A strange sound resonated out across the Indian Ocean last week. That sound was the collective sigh of relief from 20 million Sri Lankans as their national T-20 cricket team finally broke an 18-year wait to win a major international cricket competition. The perennial bridesmaids had lost 4 major tournament finals since their 1996 world cup win. The country had begun to wonder if they had been cursed by the cricket gods for letting Murali get away with chucking for so long.
Half the country packed Galle Face Green, the largest public space in Colombo to watch the match on specially mounted big screen TVs. The other half watched it out the front of electrical goods stores or over their neighbours fence. After Indian batsmen Yuvraj Singh spent 21 balls batting with a feather duster and laying the kindling for his house to be burnt down by incensed Indian fans, one hand was already on the trophy for Sri Lanka. As fate would have it the man who would ultimately lead his team to victory was the much-loved talisman of Sri Lanka cricket, Kumar Sangakkara. If Sangakkara was not already the most photographed man in the country, he surely will be now. The victory was a fitting farewell for two of the country’s most prolific batsmen of all time Sangkkara, and Jayawardene. The two of them hold nearly every batting record for Sri Lanka.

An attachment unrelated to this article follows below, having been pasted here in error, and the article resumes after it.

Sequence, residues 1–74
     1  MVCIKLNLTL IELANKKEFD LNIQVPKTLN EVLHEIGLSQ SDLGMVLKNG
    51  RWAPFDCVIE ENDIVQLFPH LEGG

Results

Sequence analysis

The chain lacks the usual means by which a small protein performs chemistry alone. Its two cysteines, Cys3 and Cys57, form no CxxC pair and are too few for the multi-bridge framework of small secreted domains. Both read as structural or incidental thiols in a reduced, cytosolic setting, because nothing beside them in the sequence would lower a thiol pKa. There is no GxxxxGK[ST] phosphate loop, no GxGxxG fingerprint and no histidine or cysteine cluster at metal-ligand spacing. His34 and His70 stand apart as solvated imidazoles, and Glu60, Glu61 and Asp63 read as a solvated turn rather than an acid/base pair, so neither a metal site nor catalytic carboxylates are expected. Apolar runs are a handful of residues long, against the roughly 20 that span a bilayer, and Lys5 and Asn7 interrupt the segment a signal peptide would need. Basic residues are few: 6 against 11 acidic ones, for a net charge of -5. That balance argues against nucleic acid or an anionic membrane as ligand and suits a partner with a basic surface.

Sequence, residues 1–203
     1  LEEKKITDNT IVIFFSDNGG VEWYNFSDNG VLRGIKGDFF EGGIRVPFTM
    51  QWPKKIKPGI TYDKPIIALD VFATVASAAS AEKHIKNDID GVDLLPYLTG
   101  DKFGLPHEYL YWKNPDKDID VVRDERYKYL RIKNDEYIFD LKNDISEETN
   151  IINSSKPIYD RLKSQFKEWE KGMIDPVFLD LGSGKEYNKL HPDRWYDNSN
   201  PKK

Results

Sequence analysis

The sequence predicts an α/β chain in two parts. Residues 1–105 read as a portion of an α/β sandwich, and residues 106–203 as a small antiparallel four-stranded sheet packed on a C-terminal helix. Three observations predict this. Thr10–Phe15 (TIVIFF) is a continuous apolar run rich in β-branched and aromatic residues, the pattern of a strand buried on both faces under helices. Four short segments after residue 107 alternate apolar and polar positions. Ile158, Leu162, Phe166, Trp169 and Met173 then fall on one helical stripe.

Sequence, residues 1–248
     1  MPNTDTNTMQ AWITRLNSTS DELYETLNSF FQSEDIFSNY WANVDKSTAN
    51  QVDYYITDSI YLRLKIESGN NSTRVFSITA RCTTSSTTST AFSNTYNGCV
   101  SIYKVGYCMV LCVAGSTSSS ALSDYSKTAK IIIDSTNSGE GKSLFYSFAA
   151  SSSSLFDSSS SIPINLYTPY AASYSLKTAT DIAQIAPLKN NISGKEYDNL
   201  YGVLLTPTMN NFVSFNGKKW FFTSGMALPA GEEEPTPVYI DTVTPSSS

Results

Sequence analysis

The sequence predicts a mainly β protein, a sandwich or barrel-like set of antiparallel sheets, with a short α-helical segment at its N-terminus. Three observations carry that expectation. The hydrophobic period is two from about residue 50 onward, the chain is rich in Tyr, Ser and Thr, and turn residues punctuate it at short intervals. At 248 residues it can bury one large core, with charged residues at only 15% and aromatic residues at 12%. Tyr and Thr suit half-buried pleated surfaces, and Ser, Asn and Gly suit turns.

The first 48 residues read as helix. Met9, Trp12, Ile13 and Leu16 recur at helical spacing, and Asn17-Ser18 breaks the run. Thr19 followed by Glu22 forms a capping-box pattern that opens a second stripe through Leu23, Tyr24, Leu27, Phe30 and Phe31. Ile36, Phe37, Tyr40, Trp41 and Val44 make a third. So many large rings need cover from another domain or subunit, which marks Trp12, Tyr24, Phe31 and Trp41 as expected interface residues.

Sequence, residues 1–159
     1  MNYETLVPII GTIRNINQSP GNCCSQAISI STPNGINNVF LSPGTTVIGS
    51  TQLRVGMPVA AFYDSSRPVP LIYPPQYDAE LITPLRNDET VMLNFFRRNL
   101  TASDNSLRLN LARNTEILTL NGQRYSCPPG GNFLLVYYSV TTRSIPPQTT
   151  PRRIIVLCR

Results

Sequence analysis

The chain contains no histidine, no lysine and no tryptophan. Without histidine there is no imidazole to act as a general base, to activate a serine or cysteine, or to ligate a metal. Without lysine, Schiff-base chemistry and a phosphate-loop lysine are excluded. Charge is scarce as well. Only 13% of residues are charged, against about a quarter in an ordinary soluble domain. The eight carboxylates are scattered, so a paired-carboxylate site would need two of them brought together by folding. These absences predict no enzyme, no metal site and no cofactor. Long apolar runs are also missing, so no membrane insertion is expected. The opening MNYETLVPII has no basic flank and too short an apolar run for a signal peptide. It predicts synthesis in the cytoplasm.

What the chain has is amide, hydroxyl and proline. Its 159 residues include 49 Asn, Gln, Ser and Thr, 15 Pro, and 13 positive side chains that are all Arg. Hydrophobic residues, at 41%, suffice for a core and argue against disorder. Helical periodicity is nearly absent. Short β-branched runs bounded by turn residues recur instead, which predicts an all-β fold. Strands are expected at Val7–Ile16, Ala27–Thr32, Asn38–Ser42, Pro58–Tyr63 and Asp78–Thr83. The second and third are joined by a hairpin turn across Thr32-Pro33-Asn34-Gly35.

The victorious team’s flight from Bangladesh arrived back in Colombo at 4:30pm and the 30km journey from the airport in the special open top bus took 6 hours to complete. The whole country descended on Colombo to catch a glimpse of these modern day centurions as they marched on the capital to celebrate their glory on battlefields afar. Roads were blocked, cars were used as stands, work was forgotten, and people generally lost their minds.
As the heroes stepped out onto Galle Face Green, they were greeted by 100,000s of fans and an epic fireworks display which must have pleased the cricket gods as they turned on their own thunderstorm and lightning show to signal the end of Sri Lanka’s curse.